## STUDENT CONTEST #3 – WINNERS

**The list of winners and solutions for the second contest have been shared below.**

(This contest ended on **15 January, 2019)**

68 min read

(This contest ended on **15 January, 2019)**

(This contest ended on **15 January, 2019)**

** **

Name | Video | School | Class |

Kartik Gupta | Little Angels Sr. Sec. School, Sonipat | 8 | |

Harsh Fozdar | Children’s Academy, Mumbai | 6 | |

Tejas Bansal | Mount Carmel School, Dwarka, New Delhi | 4 | |

Meemansa Pandey | Mount Carmel School, Anand Niketan, New Delhi | 9 |

Name | School | Class/Grade |

Jayden Antony Thomas | Peepal Prodigy School, Coimbatore | 5 |

Urvi Agrawal | The Heritage School, Kolkata | 5 |

Shivam Pandey | Children’s Academy, Mumbai | 5 |

Debanjan Pan | The Heritage School, Kolkata | 5 |

Bhavya Yadav | Delhi Public School, Ferozepur | 4 |

Dibyanshu Mohanty | B. D. M. International, Kolkata | 5 |

Name | School | Class/Grade |

Divyanshi Gupta | Salwan public school, Delhi | 7 |

Pranav Kurle | Ganges Valley School, Hyderabad | 8 |

Srijan Satpathi | B.D.M International, Kolkata | 7 |

Dhruv Gupta | Salwan public school, Delhi | 6 |

Rucha Kulkarni | Universal High Dahisar, Vadodra | 6 |

Damandeep Singh | Delhi public school, Ferozepur | 7 |

Kunal Krishna | B.D.M International, Kolkata | 6 |

Ankit Bandyopadhyay | Salwan Public School, Delhi | 8 |

Ashwina T Shankar | Salwan Public School, Delhi | 8 |

Shrishti Sumanta | Salwan Public School, Delhi | 8 |

Abhimanyu Singh | Salwan Public School, Delhi | 7 |

Aditya Sinha | Thakur Public School, Mumbai | 6 |

Palaash Jadav | Children’s Academy, Mumbai | 6 |

Name | School | Class/Grade |

Sachin Kumar N | Peepal Prodigy School, Coimbatore | 9 |

Astha Garg | Salwan public school Trans Delhi Signature City, Ghaziabad | 9 |

**Challenge: Explain the following concepts by doing 2 simple experiments with household items:**

**i)Air contracts on cooling **

**ii) Friction opposes motion**

**Solution: **

Experiments should be designed for the following:

- Illustrate that air contracts on cooling:

On cooling the particles of air come closer to each other. Due to this, the volume of air becomes less, the air becomes more dense and heavier. This can be demonstrated by multiple experiments, for instance: keeping an airtight empty bottle in the refrigerator or in cold water for a few minutes. The bottle shrinks in size showing that air contracts on cooling

2. Illustrate that friction opposes motion:

Friction tends to oppose any **relative** motion between objects, acting at the surfaces in contact. To determine the direction think about what would happen if there was no friction. One of the simple ways to demonstrate friction is to slide a box on a tile and rough ground. As the ground is rough, it offers more friction, opposes the motion and the box slides for lesser distance than it would on the tile.

**Question: **

**Teach the concept of “Factors and Multiples”. Explain using two real-life examples.**

*Note: Don’t include common factors, common multiples, LCM or HCF. Only focus on factors and multiples.*

**Solution:**

**Factors** of a number are those numbers which can completely divide the number.

For ex: 20 can be completely divided by 20, 10, 5, 4, 2, 1. Hence, there are 6 factors of 20.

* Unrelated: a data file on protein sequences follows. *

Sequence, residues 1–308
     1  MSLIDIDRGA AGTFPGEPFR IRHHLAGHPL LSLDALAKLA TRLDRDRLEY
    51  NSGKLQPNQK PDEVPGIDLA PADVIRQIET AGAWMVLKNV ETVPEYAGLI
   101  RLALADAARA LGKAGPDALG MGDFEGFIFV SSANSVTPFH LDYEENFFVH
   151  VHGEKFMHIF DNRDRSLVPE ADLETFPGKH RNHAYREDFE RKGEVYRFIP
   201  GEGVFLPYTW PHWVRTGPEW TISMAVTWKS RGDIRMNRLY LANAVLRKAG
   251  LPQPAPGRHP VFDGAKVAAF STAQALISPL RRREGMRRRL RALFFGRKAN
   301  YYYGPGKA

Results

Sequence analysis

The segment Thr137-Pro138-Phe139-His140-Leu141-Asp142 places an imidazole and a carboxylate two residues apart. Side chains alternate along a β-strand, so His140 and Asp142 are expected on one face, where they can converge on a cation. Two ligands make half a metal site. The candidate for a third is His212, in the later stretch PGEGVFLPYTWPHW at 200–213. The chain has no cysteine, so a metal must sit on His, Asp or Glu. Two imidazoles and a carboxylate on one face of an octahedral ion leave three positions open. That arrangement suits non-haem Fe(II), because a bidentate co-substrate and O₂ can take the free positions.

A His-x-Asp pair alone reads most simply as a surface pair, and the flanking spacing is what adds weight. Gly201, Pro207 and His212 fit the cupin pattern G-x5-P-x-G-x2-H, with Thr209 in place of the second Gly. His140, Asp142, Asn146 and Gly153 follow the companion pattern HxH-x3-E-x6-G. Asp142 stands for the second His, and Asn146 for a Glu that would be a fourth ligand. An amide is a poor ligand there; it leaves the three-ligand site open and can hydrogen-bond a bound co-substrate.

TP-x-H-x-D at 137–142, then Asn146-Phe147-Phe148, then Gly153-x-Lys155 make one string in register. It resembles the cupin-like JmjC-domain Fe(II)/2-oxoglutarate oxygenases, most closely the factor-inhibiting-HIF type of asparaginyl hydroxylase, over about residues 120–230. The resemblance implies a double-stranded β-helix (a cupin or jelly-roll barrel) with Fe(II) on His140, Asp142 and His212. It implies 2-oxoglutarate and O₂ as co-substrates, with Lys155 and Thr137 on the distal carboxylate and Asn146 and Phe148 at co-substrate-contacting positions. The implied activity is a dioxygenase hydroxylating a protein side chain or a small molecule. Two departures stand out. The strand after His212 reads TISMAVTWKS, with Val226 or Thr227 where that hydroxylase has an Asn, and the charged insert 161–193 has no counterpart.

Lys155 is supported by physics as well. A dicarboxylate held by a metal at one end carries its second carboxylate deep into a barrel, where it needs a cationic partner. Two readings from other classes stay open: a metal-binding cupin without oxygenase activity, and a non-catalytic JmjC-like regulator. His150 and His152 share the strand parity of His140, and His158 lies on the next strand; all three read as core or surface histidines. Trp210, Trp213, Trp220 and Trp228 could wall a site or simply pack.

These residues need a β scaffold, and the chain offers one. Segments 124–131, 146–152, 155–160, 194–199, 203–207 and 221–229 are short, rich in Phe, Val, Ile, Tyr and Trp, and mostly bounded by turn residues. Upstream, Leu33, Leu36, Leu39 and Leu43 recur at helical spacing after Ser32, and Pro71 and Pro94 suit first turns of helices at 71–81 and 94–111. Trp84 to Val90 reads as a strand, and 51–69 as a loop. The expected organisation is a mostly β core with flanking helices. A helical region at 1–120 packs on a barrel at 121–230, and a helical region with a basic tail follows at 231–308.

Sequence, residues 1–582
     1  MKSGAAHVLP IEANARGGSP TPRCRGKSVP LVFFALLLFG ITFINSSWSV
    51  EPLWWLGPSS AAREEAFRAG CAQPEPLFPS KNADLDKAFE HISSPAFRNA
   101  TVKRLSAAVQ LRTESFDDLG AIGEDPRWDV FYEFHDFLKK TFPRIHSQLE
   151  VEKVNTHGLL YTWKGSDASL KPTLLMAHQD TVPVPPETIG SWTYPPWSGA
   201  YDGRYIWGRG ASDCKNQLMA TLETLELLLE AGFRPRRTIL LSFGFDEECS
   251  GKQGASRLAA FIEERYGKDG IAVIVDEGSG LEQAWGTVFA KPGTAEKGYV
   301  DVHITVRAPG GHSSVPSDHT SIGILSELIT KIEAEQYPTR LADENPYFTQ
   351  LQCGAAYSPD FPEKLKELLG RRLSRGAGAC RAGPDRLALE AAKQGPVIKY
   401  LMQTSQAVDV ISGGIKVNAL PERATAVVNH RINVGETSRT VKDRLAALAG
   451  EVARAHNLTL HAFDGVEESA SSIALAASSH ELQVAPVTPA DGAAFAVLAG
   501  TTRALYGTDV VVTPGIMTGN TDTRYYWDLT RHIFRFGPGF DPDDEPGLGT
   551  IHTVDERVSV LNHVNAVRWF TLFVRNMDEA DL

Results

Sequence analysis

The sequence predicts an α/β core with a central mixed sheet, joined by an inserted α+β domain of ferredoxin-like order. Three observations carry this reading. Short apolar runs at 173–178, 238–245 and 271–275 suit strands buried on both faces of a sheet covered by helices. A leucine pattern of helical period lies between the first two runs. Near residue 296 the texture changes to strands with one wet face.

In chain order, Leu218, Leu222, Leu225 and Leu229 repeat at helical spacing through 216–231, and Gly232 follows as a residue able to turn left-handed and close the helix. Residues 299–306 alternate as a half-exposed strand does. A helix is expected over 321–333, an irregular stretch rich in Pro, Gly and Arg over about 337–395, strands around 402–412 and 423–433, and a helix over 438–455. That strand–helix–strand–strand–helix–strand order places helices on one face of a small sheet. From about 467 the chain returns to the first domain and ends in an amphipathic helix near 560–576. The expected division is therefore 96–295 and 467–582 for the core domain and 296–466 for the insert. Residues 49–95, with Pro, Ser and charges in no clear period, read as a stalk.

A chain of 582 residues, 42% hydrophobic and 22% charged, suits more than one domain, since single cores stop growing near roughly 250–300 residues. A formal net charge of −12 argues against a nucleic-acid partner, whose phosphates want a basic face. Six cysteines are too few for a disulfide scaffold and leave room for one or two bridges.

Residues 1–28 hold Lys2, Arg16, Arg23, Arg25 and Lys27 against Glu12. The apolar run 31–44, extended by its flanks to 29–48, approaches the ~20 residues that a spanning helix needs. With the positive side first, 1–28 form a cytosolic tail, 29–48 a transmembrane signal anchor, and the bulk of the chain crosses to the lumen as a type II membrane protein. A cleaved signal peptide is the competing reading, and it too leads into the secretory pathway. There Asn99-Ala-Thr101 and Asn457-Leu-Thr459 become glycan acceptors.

We can observe the following points here.

- Factors of a number can’t be greater than the number as we can see 20 is the greatest factor of 20.
- Factors of a number are finite.

**Multiples **of a number are those numbers which can be completely divided by the number.

For ex: 20 can divide 20, 40, 60, 80, ……… . Here, 20, 40, 60 and 80 are multiples of 20.

We can observe the following points here.

- The smallest multiple of the number is the number itself.
- There are infinite multiples of a number.

Based on the above definitions we can relate factors and multiples also.

For ex: Factors of 20 are 20, 10, 5, 4, 2, 1. So, 20 is completely divided by 20, 10, 5, 4, 2, 1.

Which means 20 is a multiple of 20, 10, 5, 4, 2, 1.

Similarly, 20, 40, 60 and 80 are multiples of 20. So, 20 is a factor of all 20, 40, 60 and 80.

**Examples of factors and multiples.**

Example 1: There are 100 students in a class. Your class teacher wants to make groups such that each group will have an equal number of students but groups should not consist of more than 8 students. How many students can be in a group?

To decide the answer, we need to calculate factors of 100 which is less than 8.

Factors of 100 (less than 8) = 1, 2, 4 and 5

So, we can make groups of 2, 4 or 5 students

Example 2: Chairs are arranged in a theatre in rows as shown in the figure. Each row consists of the same number of chairs. Can there be 230 chairs in the room?

In each row, there are 6 chairs. The total number of chairs will be multiple of

6. Here, 230 is not a multiple of 6 so, there can’t be 230 chairs.

**QUESTION: **

- Define the second law of reflection.
- Take three sticks of equal length. Assume one as an incident ray, second as normal and the third as a reflected ray. Arrange these three sticks such that it follows the first law of reflection but it does NOT follow the second law of reflection.

**SOLUTION: **

The second law of reflection states that the incident ray, the reflected ray, and the normal to the surface of the mirror all lie in the same plane. Furthermore, from the first law, we know that angle of reflection ‘’ is equal to the angle of incidence ‘’. Both angles are measured with respect to the normal to the mirror.

The incident ray, reflected ray and normal all lie in the same plane i.e. the plane of incidence. The second law states the importance of the plane of incidence. In the absence of a particular plane of incidence, there could be multiple reflected rays at same angle of reflection. Thus the reflected ray could not be specified uniquely without using the second law of reflection.

The three stick arrangement was supposed to be built to cater to the understanding of importance of second law. Thus the importance of second law must be clearly explained with the aid of the three stick arrangement as suggested in the question.